Saturday, February 25, 2017


Q: What does a sexual abuse trial look like when conducted under canon law?

A: It is similar to criminal trials that take place in some European countries that follow a different legal tradition than that of the United States. Because of this, the canon law trial will not appear similar to those we might be familiar with in the United States. A panel of three judges hears the case. The accused has a canon lawyer to assist in his defense. The prosecutor is referred to as the “promoter of justice.” Tribunals in both a diocese and the CDF have promoters of justice. Witnesses are called to testify, including possible victims. The judges, rather than the canon lawyers, question the witnesses. Other forms of evidence are gathered, such as letters that might have been written. After this the defense canon lawyer and promoter of justice submit written arguments of their sides of the case. The judges then review the evidence carefully, deliberate together, and issue a verdict. If the finding is for guilt, the judges also impose a penalty (see below for types of Church penalties).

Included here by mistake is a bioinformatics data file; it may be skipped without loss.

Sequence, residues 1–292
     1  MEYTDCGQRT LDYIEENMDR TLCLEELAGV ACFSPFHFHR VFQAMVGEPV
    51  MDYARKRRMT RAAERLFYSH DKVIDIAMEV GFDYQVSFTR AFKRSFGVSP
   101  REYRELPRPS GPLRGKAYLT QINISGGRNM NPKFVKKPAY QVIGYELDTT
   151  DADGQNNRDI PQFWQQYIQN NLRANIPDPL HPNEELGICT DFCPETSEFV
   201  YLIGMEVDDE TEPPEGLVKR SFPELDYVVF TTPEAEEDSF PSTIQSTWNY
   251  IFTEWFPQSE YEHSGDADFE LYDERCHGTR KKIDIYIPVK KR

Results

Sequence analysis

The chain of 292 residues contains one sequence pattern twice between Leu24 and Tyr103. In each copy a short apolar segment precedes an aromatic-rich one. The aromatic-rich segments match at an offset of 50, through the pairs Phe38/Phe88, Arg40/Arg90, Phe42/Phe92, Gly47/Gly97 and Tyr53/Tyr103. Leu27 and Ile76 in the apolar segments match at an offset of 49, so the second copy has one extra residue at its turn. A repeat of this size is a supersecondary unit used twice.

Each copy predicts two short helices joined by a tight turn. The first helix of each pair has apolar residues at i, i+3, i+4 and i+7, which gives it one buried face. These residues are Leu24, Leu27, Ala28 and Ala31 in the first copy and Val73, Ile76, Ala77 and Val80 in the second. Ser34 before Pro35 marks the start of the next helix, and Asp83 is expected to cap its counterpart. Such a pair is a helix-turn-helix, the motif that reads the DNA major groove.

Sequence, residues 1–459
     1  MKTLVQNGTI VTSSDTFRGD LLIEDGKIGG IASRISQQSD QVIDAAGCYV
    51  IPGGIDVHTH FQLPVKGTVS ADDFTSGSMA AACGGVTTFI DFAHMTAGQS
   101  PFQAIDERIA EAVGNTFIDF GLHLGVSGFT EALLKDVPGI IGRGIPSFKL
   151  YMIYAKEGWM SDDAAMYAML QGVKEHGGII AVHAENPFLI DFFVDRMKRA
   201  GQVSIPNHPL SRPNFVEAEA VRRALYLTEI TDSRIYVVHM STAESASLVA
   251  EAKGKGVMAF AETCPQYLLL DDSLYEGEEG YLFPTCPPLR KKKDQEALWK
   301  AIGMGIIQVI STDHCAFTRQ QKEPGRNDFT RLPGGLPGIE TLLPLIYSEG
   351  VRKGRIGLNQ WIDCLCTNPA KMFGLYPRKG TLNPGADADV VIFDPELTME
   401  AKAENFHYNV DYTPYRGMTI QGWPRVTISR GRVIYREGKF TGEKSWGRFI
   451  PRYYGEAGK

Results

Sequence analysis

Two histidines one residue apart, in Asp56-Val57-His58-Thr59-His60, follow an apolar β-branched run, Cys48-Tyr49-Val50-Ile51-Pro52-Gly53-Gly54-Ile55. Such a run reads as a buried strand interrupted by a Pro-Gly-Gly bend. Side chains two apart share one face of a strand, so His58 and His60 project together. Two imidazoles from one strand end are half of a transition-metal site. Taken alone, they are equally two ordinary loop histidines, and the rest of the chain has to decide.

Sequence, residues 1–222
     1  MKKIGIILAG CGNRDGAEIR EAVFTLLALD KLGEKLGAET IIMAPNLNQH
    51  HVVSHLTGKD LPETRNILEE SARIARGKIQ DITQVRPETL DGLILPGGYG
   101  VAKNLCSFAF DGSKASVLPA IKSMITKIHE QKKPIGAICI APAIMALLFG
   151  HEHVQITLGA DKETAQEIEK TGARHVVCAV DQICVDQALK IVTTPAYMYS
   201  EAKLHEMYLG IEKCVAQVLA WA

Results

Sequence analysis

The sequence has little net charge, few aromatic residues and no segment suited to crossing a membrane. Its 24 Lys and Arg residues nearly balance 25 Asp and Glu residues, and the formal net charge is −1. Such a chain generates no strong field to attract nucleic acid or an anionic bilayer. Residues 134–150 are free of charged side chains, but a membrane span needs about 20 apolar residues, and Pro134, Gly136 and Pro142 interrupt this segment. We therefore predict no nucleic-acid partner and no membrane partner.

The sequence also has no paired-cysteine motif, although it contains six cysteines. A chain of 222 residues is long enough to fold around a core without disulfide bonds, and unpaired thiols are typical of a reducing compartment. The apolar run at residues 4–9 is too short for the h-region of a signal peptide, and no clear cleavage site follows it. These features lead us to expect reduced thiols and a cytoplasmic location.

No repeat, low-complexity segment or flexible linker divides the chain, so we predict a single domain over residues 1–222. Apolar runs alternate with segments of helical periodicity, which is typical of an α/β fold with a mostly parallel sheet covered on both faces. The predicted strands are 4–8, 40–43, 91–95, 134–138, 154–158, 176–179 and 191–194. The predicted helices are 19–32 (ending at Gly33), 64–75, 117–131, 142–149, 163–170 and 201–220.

Questions and Answers Regarding the Canonical Process for the Resolution of Allegations of Sexual Abuse of Minors by Priests and Deacons.

It's both telling and amusing that the title of this Q&A, which is put out by the U.S. Conference of Catholic Bishops, does not include "bishops," but assumes that all abuse of minors is by a priest or deacon. Nevertheless, this publication will help us to understand more about a canonical trial. 

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